Wednesday, August 22, 2012

In which Piglet, a Very Small Animal, is more important than he thinks

There's a player who tends to hug the back wall during workshops and shows, either because of fear or because he wants to make sure everyone else has had a turn. Too often, though, he never takes a turn himself. We'll call this players Piglet.

Dear Piglet,
I want to see more of you, but you seem afraid to leave the sidelines.

It's a little Anxious to be a Very Small Animal Entirely Surrounded by players who think they have more Brains and more Bounce than anyone else. You may think, "If they want me in their scene, they'll ask me, or they'll pull me in. They look like they have everything under control on their own. I don't want to rock the boat."

Piglet, you can't stay in your corner of the Forest, waiting for others to come to you; you have to go to them sometimes.

I know you're worried about The Worst happening. Maybe it would help to say The Worst out loud. Supposing The Worst happened, what then? And what would happen after that? Usually, The Worst thing that can happen if you take a big risk is that you'll look silly and people will laugh at you. But this is an improv show, so that's actually a good thing. That means you can give all your Supposings a rest.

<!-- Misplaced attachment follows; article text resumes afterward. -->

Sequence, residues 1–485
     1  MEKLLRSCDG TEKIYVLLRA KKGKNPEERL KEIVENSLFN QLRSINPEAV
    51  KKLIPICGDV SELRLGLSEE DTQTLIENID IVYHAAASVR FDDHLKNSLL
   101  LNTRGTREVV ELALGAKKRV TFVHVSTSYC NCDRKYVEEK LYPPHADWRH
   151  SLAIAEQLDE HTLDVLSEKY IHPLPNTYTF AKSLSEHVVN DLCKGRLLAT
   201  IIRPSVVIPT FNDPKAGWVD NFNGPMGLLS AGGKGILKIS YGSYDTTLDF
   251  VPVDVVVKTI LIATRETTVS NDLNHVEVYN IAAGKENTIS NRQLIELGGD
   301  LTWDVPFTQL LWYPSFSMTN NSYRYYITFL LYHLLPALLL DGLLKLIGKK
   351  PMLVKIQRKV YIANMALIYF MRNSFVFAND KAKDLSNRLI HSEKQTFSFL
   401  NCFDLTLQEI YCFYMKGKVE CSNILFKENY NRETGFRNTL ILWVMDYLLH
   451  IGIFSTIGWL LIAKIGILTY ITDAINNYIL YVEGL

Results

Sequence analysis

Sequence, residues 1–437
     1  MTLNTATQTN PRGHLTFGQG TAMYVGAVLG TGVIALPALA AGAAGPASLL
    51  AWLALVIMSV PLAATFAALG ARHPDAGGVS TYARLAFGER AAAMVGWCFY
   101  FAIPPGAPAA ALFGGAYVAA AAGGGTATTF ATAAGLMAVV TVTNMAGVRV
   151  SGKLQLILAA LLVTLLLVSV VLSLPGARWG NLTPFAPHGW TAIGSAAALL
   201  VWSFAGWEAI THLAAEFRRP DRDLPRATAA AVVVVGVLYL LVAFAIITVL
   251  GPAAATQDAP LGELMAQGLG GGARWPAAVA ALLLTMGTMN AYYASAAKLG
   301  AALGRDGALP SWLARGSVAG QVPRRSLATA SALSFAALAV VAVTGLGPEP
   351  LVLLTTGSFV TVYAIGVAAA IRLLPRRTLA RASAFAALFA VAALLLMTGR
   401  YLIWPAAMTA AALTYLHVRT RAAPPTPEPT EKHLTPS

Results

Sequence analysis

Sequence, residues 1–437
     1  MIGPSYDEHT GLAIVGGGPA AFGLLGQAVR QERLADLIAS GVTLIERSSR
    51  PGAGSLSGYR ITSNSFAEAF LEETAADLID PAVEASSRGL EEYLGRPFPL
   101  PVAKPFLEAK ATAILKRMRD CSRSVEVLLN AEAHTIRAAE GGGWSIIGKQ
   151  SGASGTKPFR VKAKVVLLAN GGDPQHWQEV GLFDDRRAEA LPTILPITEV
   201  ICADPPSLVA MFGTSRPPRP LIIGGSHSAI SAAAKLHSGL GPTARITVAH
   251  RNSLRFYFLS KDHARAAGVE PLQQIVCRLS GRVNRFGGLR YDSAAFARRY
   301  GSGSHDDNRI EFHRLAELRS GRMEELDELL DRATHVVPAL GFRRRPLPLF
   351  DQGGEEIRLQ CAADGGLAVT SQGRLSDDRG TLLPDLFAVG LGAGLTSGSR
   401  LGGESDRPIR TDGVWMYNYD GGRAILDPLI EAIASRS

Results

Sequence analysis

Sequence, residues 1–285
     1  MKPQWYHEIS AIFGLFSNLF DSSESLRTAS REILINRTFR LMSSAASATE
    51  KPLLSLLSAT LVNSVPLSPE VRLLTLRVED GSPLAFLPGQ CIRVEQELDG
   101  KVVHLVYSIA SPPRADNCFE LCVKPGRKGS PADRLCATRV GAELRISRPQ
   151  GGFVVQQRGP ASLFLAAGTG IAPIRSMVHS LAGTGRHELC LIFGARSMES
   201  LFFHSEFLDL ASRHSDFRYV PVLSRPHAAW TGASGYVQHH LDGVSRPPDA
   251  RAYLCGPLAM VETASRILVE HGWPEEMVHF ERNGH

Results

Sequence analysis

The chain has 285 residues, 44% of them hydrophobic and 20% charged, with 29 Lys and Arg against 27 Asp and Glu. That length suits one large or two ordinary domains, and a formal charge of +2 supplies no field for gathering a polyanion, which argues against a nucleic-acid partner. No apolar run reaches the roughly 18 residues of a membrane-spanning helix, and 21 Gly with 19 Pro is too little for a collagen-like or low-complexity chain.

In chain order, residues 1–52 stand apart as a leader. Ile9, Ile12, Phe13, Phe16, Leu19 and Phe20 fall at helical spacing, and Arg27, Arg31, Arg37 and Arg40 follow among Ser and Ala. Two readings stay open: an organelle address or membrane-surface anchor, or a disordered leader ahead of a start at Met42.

Here's a secret: Other players could stand to be a little more like you. I know you're Very Small, but you're thoughtful. You are willing to give away the spotlight, and that can be a Noble Thing, as long as you're doing it to build someone else up and not just to hide yourself.

Some of those Brainier, Bouncier players need to learn a little Consideration, a little Thought for Others. Because you have those things, I'm going to ask you to be very brave and to take lots of turns next time you play with your troupe. You know how much you need all of them; now you need to realize how much they need you, too. 


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